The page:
Dr. Fred Kummerow, author of Cholesterol Is Not the Culprit, has also detailed exactly where we went off the track. Dr. Kummerow, now nearly 100 years old, was the first researcher to identify trans fat as the real culprit behind clogged arteries, all the way back in 1957!

His research has also demonstrated that neither dietary cholesterol nor saturated fat promote arterial plaque, and are being wrongfully shunned… As initially postulated by Dr. Yudkin in the 1960s, sugar is another major dietary culprit in the development of heart disease.

To break it down into simple terms, to protect your heart health you need to address your insulin and leptin resistance, which is the result of eating a diet too high in sugars and grains. To safely and effectively reverse insulin and leptin resistance, thereby lowering your heart disease risk, you need to:

  • Avoid processed foods and other sources of refined sugar and processed fructose, as well as refined grains. Whole grains are also best avoided if you’re insulin and leptin resistant
  • Focus your diet on whole foods, ideally organic, and replace the grain carbs with:
    • Large amounts of vegetables
    • Low-to-moderate amount of high-quality protein (think organically raised, pastured animals)
    • As much high quality healthy fat as you want (saturated and monosaturated from animal and tropical oil sources)

Other Notable Changes in the 2015 Dietary Guidelines

Despite continuing the saturated fat myth for another five years, overall, the 2015 guidelines5,6,7 are probably better than they’ve been in decades. Among the most notable changes is a partial turnaround on artificial sweeteners. While they say artificial sweeteners such as aspartame are probably okay in moderation, they should not be promoted for weight loss.

I believe artificial sweeteners should be removed from the market altogether due to their numerous health risks, but at least this recommendation reflects the voluminous evidence showing that artificial sweeteners do NOT promote weight loss. On the contrary, they tend to promote weight gain, and have been shown to worsen insulin resistance and metabolic disorders to a greater degree than refined sugar.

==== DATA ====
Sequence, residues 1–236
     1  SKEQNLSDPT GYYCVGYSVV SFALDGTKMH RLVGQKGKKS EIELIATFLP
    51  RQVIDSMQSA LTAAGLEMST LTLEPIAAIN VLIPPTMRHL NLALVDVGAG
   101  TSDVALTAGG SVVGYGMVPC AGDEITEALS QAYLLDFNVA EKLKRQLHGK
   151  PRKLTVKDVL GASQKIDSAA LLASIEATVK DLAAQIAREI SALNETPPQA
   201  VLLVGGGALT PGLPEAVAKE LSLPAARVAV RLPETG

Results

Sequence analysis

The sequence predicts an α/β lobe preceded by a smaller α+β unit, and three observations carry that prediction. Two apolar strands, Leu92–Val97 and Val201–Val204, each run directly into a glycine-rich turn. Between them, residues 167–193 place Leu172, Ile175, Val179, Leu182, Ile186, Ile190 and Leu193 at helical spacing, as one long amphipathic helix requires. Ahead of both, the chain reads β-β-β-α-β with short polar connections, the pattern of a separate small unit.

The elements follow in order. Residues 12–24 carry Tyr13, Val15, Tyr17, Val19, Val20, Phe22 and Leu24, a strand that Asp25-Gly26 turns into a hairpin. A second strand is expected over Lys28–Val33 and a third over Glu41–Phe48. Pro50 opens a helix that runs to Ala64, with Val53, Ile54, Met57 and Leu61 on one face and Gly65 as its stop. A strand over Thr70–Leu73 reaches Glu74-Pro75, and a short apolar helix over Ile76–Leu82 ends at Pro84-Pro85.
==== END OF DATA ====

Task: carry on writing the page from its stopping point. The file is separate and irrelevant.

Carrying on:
The 2015 guidelines also reflect the shift away from focusing on specific nutrients such as fat, carbs or protein—which in the past has led to an ever-growing plethora of processed “functional” foods—toward a general focus on eating more whole foods. My only objection there is that they still do not consider the hazards of eating too many whole grains, which can exacerbate insulin and leptin resistance. That said, the panel does recommend limiting refined grains.

As for the panel’s review of research into foods that help combat disease, vegetables and fruits are the only dietary elements found to be consistently helpful against every disease included in the review. One can only hope that this will sink in and eventually lead to much needed changes in agricultural subsidies, which are currently geared entirely toward the manufacturing of disease-promoting processed foods that are high in added sugars.

The 2015 guidelines also break new ground by commenting on the environmental impact of our food choices. The panel notes that switching to a healthier diet higher in veggies, fruits, nuts, and legumes, and lower in animal products, could reduce greenhouse gas emissions and use up less resources such as water and energy.